The president, Dr. Tucker, in the course of some remarks, said that he believed gonorrhoea was a self-limited disease, and that cases recovered under all forms of treatment, some in weeks, some in months, some i years. This might be due to more or less susceptibility. Had investigated through a well known friend who has a large hospital practice and facilities for this kind of work, on the question of untreated cases. The reply to this question was that a large percentage got well under medical treatment that could not have exercised curative influence. Thought that the knowledge of gonorrhoea, in regard to its pathology and treatment, etc., was settled, but as or the question of treatment no one seems to be able to do much with this knowledge.
Dr. Wheeler closed the discussion. In replying to Dr. Binswanger he said that proof of a metallic salt being germicide is based upon the fact at the zone around silver sutures do not contain bacteria as a rule. Agreed with Dr. Walker as to the itching caused by protargol. In the course of some general remarks said that he believed he had aborted many cases in gonorrhoea by injections of nitrate of silver. and that the microscopical examination was a true test for diagnosing gonorrhoea as well as denoting its cure. Protargol is used because it is non-irritating and hot water injections are in line with modern progress, and the most of the medicine generally used with it, with more or less success, are germicidal in their action. Closed by giving clinical features of special cases.
After discussing some routine business, the program for next meeting was announced to be a paper by Dr. A. C. Panton. The meeting then adjourned.
Practical Diagnosis. The Use of Symptoms in the Diagnosis of Disease. By Hobart Amory Hare, M. D., Professor of Therapeutics and Materia Medica in the Jefferson Medical College of Philadelphia. Third edition, enlarged and thoroughly revised. In one octavo volume of 615 pages, with 204 engravings and 13 full-page colored plates. Cloth, $4.75 net. Lea Brothers & Co., publishers. Philadelphia and New York.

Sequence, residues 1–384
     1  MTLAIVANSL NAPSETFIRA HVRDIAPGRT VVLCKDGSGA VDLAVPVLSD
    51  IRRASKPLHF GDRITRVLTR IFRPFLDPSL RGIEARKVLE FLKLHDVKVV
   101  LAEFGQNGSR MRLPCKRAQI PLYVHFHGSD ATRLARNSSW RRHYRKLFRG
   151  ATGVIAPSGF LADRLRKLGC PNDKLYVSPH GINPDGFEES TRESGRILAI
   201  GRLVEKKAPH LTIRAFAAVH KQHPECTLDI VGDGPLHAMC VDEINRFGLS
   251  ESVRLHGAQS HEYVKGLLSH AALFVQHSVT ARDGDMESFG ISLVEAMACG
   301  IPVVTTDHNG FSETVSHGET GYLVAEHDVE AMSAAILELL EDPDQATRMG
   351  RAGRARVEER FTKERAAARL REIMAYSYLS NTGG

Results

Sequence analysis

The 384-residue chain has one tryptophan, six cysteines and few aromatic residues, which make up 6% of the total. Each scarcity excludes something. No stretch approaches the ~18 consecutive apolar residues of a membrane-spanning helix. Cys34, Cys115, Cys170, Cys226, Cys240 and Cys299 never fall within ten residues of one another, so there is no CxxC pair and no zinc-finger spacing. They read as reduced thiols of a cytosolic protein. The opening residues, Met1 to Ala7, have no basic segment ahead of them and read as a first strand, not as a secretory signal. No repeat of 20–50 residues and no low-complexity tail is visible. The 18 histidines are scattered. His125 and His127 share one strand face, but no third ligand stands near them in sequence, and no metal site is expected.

The almost unprecedented success of Dr. Hare's "Practical Thera
peutics," is about equalled in this other work of his-"Practical Diagnosis." In reality the books are companions-the one being an aid to the other, and constituting, when taken together, an admirable practice. The same originality and cleverness in conception and execution which we noticed in reviewing the former, is as strikingly manifested in this later work. For instance, he makes symptoms his units, arranging them for maximum convenience, under two main heads, "The Manifestation of Disease in Organs," and "The Manifestations of Disease by Symptoms," the first part being under a regional classification, and the second dealing with general symptoms, such as fever, vomiting, etc. Under each disease is given a list of its symptoms and under each symptom a list of the diseases in which it occurs. The book is richly and usefully illustrated.
Manual of Chemistry. A Guide to Lectures and Laboratory Work for Beginners in Chemistry. Text-Book specially adapted for students of pharmacy and medicine. By W. Simon, Ph. D., M. D., Professor of Chemistry and Toxicology, College of Physicians and Surgeons, Baltimore; Professor of Chemistry in the Maryland College of Pharmacy. New (sixth) edition. In one 8vo. volume of 532 pages, with 46 engravings and 8 colored plates illustrating 64 of the most important chemical tests. Price, cloth, $3.00 net. Lea Brothers & Co., publishers, Philadelphia and New York.